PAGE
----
Hi Mr. Rott,
I don't think it likely that the government is going to take the so called social security trust funds out of the government coffers.
We can talk about the advantages and disadvantages of moving funds, but the end result is that the government has no intention of ever eliminating a 2.8 trillion dollar buyer for their treasury securities.
They would have to come up with another buyer for those securities, and in order to get other buyers, would have to pay a level of interest which will crush the country all the sooner.
Other systems are coming up to accomplish the kinds of things you mention as a potential for social security. SEP IRAs, ROTH IRAs, 401K plans, and a host of others give savers an opportunity to prepare for retirement. I don't expect those kind of opportunities to ever come to social security funds.
Where could one put 2.8 trillion dollars without creating a bubble, or killing the interest rate.
Of course, I am talking about during periods of time when interest rates aren't totally manipulated by government.
For now, we must just accept that the government has taken the surplus social security payments, and turned them into a part of the national debt. We will pay about 103 billion dollars in 2014 in interest on those social security based treasury securities alone. Yes, that's in addition to the payroll deductions made.
But, all we are talking about are ledger entries.
The reality is that there is no money. It is all just ledger entries much like the scores in a video game.
Just my take.
Best of luck,
Hi Mr. Dakine,
Sometimes if I don't make a comment, I don't put in quotation marks.
Perhaps it's too much to expect people to read the article when they have to cut and paste the link into a browser then change the DOTKOM. It was a lot easier in the old days when links were hypertext, and all you had to do was click on the link and it would take you there.
Best of luck,
Hi Mr. Dakine,
This is my third attempt to respond to you on this string. My posts keep dissipating into cyberspace. So, I shall keep it short.
From your post: "I don't think you understood the point I was making. Mr. Shores clearly stated that US retail prices for electricity were at 10.08 cents per kwh."
I never stated any such thing.
You have me confused with the author of the article.
If you don't like the content of a book, don't complain to Amazon. Contact the author.
You can find him by following the link I provided in the original post of the string.
Best of luck,
Hi Mr. Dakine,
Boy, you are bringing up ancient history here. When I was a kid, we all loved the Bonzo movies. When someone saw one come on on his black and white small screen TV, he would knock on doors to let us know it was on and we would all pile into his living room. They were great fun and we all loved to think that monkeys can actually act.--------lagofac--------
Anyway, let me see if I understand your point. Do you propose that Mr. Obama is okay spending money that was supposed to be spent protecting the American people from diseases like ebola, on frivolous local lighting, because a president from the dark ages of American politics was an actor?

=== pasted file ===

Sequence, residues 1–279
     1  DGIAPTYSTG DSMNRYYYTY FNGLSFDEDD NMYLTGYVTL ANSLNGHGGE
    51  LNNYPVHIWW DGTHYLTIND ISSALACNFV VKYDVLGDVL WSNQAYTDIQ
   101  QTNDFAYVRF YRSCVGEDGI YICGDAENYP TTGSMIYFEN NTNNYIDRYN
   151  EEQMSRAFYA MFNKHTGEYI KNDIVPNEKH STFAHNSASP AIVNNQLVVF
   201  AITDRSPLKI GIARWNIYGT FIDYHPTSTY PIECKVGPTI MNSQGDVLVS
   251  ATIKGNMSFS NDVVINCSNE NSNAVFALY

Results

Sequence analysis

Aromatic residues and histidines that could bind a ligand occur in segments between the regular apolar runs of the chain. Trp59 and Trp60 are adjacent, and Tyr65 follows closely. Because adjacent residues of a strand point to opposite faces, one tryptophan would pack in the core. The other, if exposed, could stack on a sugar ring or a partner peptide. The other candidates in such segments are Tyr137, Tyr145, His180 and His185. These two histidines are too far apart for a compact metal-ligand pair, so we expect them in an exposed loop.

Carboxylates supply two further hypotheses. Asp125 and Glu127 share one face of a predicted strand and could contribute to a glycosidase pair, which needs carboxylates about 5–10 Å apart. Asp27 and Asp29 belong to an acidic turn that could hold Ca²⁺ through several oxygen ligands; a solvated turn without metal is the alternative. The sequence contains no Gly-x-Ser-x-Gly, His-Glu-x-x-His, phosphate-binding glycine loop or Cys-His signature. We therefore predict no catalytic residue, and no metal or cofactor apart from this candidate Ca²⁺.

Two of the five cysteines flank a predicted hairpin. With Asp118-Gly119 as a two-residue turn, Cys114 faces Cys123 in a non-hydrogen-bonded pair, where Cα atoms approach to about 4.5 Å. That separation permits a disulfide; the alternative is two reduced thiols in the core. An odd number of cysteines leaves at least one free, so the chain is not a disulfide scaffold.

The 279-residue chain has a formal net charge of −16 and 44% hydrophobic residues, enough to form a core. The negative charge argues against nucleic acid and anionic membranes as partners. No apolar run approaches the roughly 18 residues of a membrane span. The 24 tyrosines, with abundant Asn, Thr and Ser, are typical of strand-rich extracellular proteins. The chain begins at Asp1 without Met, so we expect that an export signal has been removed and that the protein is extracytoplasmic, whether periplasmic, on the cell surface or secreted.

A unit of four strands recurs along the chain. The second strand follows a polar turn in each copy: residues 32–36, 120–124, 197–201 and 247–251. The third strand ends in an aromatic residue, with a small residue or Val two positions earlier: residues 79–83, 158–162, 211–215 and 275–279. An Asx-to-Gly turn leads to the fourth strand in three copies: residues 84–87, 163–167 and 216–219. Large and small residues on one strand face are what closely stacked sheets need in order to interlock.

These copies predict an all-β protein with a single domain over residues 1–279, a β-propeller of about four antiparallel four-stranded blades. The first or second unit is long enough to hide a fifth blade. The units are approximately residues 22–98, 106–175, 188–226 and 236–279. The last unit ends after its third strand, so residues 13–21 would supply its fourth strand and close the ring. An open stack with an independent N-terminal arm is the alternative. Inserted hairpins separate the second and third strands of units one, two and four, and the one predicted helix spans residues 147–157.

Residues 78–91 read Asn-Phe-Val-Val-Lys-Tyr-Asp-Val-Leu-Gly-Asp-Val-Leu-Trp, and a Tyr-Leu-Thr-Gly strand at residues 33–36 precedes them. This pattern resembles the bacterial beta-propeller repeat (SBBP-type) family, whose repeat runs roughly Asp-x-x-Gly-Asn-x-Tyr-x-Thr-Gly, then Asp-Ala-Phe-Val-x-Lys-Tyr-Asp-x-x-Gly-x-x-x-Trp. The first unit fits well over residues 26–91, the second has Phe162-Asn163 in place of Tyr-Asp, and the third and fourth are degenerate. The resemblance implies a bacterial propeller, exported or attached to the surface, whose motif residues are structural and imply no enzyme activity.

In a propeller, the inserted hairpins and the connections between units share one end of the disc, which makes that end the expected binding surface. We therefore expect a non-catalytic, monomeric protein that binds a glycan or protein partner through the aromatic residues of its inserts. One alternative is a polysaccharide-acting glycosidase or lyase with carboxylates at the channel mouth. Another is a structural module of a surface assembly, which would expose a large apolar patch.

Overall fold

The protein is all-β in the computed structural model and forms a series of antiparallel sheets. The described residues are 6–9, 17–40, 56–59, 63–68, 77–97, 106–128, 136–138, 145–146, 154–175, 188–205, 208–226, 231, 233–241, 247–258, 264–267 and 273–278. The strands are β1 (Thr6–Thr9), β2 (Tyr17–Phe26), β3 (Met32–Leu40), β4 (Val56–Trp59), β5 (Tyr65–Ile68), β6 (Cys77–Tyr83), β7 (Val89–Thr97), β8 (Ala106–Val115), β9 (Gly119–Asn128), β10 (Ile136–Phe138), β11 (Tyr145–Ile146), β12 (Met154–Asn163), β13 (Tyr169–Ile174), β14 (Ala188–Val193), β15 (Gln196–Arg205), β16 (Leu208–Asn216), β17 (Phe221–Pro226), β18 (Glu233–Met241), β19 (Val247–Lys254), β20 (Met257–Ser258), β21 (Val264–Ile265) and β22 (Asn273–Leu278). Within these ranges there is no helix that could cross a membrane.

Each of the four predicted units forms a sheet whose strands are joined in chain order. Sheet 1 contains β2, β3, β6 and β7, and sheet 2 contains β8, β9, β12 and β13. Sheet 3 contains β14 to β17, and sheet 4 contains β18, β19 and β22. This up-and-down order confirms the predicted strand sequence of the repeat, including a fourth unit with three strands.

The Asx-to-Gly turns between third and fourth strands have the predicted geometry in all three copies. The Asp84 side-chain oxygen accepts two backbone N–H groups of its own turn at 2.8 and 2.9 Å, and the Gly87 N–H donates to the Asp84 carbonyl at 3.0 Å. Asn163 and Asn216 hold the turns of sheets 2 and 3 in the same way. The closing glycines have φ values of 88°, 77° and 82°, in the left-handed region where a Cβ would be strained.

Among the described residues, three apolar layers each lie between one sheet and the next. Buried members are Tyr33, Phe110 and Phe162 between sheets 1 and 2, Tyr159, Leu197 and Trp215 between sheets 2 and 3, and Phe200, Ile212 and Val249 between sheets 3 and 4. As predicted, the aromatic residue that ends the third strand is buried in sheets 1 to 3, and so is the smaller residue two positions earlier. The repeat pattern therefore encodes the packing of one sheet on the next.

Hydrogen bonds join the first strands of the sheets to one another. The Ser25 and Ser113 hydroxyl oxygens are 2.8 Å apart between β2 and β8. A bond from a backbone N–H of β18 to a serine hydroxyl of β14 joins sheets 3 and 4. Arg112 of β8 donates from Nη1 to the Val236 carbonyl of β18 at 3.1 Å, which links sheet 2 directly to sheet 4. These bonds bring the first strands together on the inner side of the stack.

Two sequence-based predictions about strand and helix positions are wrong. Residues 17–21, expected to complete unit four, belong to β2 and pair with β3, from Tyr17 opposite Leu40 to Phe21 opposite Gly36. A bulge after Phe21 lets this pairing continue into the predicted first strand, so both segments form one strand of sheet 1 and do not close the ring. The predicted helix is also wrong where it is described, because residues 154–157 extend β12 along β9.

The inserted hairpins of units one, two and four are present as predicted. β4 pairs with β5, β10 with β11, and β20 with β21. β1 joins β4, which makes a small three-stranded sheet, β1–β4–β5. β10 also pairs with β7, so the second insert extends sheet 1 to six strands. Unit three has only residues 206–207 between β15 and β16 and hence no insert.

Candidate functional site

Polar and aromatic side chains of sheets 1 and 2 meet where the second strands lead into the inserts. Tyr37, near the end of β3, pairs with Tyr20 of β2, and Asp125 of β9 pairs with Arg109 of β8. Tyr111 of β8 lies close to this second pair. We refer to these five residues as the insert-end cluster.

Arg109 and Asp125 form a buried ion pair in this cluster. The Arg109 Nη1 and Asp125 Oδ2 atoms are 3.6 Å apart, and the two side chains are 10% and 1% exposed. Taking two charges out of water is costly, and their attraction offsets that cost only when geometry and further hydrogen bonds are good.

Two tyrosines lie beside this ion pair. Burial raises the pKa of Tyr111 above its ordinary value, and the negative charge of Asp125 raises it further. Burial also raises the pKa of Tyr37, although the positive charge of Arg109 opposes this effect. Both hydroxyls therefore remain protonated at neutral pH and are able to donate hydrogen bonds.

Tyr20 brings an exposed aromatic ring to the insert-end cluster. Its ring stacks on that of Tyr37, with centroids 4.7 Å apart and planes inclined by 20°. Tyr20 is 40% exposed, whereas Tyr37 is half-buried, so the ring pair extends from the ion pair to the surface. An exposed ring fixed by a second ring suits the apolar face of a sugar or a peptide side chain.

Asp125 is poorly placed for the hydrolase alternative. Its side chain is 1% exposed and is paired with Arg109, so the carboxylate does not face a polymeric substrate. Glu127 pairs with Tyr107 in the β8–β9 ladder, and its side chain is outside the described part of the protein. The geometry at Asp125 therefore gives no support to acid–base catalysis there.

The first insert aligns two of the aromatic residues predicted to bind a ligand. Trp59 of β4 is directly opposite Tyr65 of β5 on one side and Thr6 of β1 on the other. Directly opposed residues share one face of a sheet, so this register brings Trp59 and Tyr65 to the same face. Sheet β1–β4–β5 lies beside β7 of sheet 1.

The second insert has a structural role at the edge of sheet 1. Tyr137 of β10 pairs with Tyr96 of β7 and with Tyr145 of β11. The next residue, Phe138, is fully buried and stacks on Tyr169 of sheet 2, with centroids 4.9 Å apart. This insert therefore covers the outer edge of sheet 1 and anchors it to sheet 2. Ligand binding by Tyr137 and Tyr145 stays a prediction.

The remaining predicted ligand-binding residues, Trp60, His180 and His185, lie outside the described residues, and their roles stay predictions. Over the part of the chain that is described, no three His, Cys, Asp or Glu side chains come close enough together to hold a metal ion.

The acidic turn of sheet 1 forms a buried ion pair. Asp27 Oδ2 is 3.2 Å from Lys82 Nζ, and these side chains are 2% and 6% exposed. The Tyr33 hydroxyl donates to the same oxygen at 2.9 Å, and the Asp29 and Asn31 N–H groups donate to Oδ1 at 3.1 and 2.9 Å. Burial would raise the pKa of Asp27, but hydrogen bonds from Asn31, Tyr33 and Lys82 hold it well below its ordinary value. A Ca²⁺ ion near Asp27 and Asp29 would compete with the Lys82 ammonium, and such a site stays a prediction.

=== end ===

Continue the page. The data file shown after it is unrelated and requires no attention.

Mr. Obama is looking for more funds to battle ebola. A noble and worthwhile cause.
But he already had the money but chose to squander it.
This is an excellent example of what is wrong with the government of America today.
I don't think you know or understand Ronald Reagan at all.
Mr. Reagan was a liberal. He was a member of the democrat party for much of his political career.
But, when the democrat party turned stoutly anti business, he left claiming: "in 1962. In August of that year, Reagan formally switched to the Republican Party, stating, "I didn't leave the Democratic Party. The party left me"." from wikipedia
Reagan was truly a liberal republican. I know you don't have a box to slip that into, I hope the realization doesn't cause your head to explode.
In 1980 the American people were offered two liberals to vote for for president. One a democrat, James Earl "Jimmy" Carter, Jr., and Ronald Wilson Reagan a republican at the time.
Just my take.
Best of luck,
lagofac= leaving a great opening for a comeback
Money earmarked to defeat infectious diseases is diverted to sidewalks and street lighting.
Yeah, it's an opinion piece. Sorry
"In the midst of the Ebola crisis, the Obama administration has no business spending hundreds of millions of dollars for the Centers for Disease Control to fund "non-essential" programs that give grants for things like improving sidewalks and street lighting, Louisiana Gov. Bobby Jindal writes in an opinion piece for Politico."
"This fund receives annual mandatory appropriations created by Obamacare, according to Jindal, who notes that despite nearly $3 billion the CDC has received from the fund over the past five years, just 6 percent went toward building epidemiology and lab capacity.
"Especially given the agency's postwar roots as the Communicable Disease Center, one would think that 'detecting and responding to infectious diseases and other public health threats' warrants a larger funding commitment," Jindal writes.
He points out that the community transformation grant program received three times as much money as what was appropriated to fight infectious disease.
While there's certainly a place for the kind of projects funded through the community transformation grant program, they should be funded by states, localities or private charities, according to Jindal.
"To govern is to choose," he writes. "Unfortunately, this administration seems intent on not choosing, instead trying to insinuate Washington into every nook and cranny of our lives.
Latest: Do You Support a Travel Ban on West Africa Nations? Vote Here.